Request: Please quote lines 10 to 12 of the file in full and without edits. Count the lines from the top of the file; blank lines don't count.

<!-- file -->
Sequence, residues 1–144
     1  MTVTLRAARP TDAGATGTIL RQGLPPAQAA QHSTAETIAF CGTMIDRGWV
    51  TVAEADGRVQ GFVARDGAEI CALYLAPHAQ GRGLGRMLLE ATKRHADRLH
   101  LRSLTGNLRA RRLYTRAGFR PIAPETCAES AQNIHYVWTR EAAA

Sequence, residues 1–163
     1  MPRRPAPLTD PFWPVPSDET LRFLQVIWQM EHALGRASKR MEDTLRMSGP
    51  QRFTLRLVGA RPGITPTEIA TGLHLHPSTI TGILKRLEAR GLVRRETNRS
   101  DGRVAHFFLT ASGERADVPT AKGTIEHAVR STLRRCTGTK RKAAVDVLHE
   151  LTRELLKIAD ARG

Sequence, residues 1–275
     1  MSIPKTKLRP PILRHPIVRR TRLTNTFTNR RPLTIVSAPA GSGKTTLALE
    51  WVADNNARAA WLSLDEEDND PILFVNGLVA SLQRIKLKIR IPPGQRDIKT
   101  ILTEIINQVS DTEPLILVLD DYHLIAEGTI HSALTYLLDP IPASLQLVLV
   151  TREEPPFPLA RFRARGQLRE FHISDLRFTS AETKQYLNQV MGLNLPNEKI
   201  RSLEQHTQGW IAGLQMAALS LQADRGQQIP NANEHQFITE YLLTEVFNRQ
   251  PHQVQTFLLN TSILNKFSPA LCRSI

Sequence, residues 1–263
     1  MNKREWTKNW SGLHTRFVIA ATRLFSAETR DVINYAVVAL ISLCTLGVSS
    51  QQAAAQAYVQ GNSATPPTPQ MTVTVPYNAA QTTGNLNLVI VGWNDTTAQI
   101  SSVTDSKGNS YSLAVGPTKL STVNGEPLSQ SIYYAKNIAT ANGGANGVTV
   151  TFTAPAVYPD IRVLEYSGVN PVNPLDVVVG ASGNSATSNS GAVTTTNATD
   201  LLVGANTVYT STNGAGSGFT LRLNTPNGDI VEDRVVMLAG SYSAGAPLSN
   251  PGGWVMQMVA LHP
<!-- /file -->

Sequence, residues 1–275
     1  MSIPKTKLRP PILRHPIVRR TRLTNTFTNR RPLTIVSAPA GSGKTTLALE
    51  WVADNNARAA WLSLDEEDND PILFVNGLVA SLQRIKLKIR IPPGQRDIKT